FROM THE HAYS COUNTY HEALTH DEPARTMENT - COVID-19 CONTACT TRACING PROCESS
In any infectious disease outbreak, it is critical to trace contacts to ensure that individuals who may have been exposed to the disease are evaluated and treated if necessary. The Hays County Local Health Department has protocols in place for different exposure situations.
If a member of the public contacts the Local Health Department and believes they have COVID-19 but are self-isolating and do not want to be tested, a representative will ask them about close contacts they had beginning 14 days prior to symptom onset. If they do not know of an exposure that occurred with a laboratory-confirmed case, then they are asked to notify their friends and family they have been in contact with and inform them to monitor for COVID-19 symptoms. This self-monitoring should be sustained for 14 days starting at the last contact date with the suspected COVID-19 individual.
If a member of the public tests positive, a representative will contact the patient and start the contact tracing in the same way (14 days prior to symptom onset.) Most people have self-quarantined for 2 weeks by now, so they have only been around household family and conducted some errands out in public. That makes it difficult to determine where they contracted COVID-19. However, if the individual provides names and phone numbers of persons that they have been around within the 14-day period, those persons are contacted. These contacts are interviewed for COVID-19 symptoms and informed that they may have been exposed to the virus. They are also asked if they have had any close contact with lab-confirmed COVID-19 cases that they are aware of.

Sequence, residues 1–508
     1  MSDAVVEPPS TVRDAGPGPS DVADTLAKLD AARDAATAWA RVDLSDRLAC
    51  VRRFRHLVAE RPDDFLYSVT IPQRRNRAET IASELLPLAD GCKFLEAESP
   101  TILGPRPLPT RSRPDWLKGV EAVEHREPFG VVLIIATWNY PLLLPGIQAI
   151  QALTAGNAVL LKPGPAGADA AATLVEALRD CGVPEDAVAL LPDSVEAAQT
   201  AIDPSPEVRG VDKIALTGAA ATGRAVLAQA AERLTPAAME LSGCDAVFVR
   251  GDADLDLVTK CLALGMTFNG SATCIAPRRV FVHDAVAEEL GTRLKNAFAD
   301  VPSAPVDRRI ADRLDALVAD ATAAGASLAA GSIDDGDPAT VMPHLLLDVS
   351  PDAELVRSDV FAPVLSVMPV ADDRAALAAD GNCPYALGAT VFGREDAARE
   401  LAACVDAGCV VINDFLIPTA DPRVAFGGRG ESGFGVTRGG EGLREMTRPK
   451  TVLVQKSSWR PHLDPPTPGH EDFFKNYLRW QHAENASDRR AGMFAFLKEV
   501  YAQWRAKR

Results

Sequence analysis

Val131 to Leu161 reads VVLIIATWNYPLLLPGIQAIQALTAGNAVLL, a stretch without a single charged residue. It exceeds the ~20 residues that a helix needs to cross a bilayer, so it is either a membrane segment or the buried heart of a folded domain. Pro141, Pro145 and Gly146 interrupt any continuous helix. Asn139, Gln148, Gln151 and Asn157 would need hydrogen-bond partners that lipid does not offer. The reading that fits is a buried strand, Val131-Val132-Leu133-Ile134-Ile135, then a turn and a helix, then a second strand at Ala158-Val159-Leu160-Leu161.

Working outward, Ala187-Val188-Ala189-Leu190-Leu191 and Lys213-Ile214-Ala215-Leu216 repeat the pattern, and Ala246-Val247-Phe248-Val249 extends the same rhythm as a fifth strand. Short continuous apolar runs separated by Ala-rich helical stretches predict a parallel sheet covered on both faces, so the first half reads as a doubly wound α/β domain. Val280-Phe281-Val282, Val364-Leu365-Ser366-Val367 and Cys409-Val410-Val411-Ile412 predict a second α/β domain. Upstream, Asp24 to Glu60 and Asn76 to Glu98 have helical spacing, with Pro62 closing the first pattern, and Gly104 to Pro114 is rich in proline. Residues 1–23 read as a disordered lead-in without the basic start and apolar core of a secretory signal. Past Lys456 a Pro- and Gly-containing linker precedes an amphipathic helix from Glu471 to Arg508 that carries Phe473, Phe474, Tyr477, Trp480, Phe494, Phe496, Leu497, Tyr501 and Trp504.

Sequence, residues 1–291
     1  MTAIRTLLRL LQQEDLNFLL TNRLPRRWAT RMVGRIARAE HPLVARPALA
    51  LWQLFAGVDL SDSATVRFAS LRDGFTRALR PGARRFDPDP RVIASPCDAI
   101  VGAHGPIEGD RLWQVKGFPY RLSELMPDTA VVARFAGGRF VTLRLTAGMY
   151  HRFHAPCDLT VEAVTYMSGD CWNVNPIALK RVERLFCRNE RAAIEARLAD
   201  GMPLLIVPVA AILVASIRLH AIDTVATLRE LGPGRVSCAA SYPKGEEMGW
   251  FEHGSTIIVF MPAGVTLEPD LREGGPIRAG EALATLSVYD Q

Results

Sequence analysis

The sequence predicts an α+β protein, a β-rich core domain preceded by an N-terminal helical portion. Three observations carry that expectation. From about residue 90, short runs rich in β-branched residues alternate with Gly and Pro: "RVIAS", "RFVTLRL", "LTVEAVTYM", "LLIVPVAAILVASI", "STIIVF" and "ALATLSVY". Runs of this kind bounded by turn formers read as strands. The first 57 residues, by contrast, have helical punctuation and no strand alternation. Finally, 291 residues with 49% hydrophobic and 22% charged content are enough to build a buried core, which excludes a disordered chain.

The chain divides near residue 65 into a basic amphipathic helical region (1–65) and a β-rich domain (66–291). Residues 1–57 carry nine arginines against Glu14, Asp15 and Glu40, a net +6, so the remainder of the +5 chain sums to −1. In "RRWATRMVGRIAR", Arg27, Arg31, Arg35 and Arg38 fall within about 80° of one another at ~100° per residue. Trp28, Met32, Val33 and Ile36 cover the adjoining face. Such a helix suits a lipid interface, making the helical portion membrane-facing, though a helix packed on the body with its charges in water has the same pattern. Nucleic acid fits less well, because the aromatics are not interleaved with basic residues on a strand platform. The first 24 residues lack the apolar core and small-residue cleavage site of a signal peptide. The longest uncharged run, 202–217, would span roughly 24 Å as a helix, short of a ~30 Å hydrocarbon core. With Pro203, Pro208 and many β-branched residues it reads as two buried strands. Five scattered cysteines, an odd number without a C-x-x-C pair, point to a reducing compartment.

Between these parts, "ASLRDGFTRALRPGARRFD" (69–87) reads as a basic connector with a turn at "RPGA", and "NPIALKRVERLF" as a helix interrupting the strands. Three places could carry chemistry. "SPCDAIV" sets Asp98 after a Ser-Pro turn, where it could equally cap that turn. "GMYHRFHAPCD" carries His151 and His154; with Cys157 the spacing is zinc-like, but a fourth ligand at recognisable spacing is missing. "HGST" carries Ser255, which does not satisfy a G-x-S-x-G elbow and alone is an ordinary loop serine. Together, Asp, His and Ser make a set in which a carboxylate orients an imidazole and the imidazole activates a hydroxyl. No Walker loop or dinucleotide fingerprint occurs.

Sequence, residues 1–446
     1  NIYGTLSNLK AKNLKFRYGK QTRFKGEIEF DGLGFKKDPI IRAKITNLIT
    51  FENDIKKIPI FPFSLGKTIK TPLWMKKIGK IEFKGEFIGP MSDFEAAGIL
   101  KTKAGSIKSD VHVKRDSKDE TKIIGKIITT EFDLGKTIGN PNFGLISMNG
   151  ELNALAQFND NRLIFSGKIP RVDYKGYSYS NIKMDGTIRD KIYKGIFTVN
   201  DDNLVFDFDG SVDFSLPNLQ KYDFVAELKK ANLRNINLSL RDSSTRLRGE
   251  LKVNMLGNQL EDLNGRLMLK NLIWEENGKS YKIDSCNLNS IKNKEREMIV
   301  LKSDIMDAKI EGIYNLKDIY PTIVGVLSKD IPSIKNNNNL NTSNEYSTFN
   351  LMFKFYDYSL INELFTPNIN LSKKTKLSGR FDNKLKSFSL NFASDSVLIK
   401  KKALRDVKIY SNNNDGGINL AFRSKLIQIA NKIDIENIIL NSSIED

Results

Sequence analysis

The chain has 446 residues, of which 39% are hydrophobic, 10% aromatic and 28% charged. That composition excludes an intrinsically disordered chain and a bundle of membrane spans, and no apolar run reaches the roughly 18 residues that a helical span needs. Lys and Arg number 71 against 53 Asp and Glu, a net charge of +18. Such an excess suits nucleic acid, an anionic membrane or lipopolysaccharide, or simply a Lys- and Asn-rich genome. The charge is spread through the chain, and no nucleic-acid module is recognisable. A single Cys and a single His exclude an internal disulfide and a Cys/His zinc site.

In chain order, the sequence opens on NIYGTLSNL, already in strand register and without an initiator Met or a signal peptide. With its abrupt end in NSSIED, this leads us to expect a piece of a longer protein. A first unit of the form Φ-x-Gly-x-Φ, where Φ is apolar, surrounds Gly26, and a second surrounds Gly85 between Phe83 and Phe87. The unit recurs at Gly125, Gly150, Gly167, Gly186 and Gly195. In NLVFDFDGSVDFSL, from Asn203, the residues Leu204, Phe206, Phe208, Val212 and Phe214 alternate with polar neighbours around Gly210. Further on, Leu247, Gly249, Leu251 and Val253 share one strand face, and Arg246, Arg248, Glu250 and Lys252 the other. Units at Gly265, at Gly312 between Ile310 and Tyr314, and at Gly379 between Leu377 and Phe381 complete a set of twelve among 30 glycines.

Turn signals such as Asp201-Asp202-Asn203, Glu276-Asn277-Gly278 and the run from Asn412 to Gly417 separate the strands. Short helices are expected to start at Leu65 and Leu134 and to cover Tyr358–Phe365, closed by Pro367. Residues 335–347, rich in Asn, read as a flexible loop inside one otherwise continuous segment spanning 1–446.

If the person has only been around household family and been to a couple of public places for groceries and errands, the contact tracing ends there. It is well known that we have community spreading of COVID-19, so issuing an alert every time someone mentions a specific public place would not be useful. For instance, grocery stores comprise about 95 percent of the public places COVID-19 patients say they’ve been to.
Hays County currently has relatively few COVID-19 cases. If community members continue to follow social distancing guidelines and practice health protective behaviors, they will drastically lower their odds of contracting COVID-19 while in a public space. Behaviors known to deter COVID-19 are handwashing for 20 seconds at a time, never touching one’s face, and maintaining 6 feet of separation from others while in public.
If a COVID-19-positive patient is a healthcare provider or first responder, the contact tracing is much more in depth. Every individual that person has come into contact with over the last 14 days will be contacted. The vulnerable populations these professionals interact with require the utmost protection.